Board Bug Strategy
While this was going on, I talked with the board at various times about strategy. Based on what Levant had said, we all agreed it would be a good idea to take immediate remedial or preventive measures in our building. We sent out an e-mail, explaining the situation and requesting entry to each apartment so that we could inspect it and put down a preventive spray.
And no one responded. Even some board members were MIA.
Puzzled, I conferred with one board member who was equally mystified by this lack of concern by the residents. “I’d think there would be some sense of urgency about getting this done,” he said. I agreed. We sent out another e-mail, this time warning shareholders that, unless we heard from them by the next day, we would enter their apartments with the exterminator and the super for inspection/spraying purposes. Now we got a response.
Another issue came up: one of the shareholders – actually, the wife of a board member – was pregnant, and she was concerned, not unreasonably, about the effects of pesticides on her unborn child. This created some tension on the board as we wrestled with what was good for the building overall and what was good for the woman. Ultimately, we came to a compromise involving strong preventive measures in their apartment that did not involve spraying.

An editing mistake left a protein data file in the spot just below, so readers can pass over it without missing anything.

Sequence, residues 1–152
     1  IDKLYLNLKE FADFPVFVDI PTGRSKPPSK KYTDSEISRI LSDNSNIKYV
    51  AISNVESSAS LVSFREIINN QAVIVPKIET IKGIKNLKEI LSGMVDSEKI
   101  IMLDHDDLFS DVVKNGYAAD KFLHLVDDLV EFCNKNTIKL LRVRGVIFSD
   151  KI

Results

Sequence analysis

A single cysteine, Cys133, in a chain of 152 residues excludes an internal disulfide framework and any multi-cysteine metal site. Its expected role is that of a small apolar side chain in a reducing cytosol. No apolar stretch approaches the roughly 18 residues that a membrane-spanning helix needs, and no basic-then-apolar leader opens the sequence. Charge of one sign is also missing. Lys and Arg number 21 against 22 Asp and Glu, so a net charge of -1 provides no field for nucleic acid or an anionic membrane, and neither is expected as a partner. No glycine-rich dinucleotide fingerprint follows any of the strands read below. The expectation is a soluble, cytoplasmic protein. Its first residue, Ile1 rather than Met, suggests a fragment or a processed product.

It took some doing, but we succeeded in getting all the other apartments sprayed. We then discussed the policy the board should have taken in this incident. Certainly, in the future, a firmer hand needed to be employed. And we needed to have a plan to identify and handle the bugs immediately. Clearly, letting each shareholder try and handle the issue himself or herself was not the most effective method. So we decided to train the residents in preventive work. That would ultimately be cheaper than dealing with an infestation. As it was, the cost of coping with those itty-bitty bugs was in the thousands.
A bizarre footnote to all this: as part of our post-invasion planning, the super provided a 12-page booklet about ways to cope with the bugs that we were going to copy and distribute to the shareholders. As I have done dozens of times in the past, I left the booklet – with my name clearly on it – under his doormat for another board member to review. But before he could pick it up, someone swiped it.
“That is baffling,” the director wrote to the board. “Who could have taken it?”
“Maybe it was the bed bugs,” replied another director. “They don’t want us to know their secrets.”
I could believe it.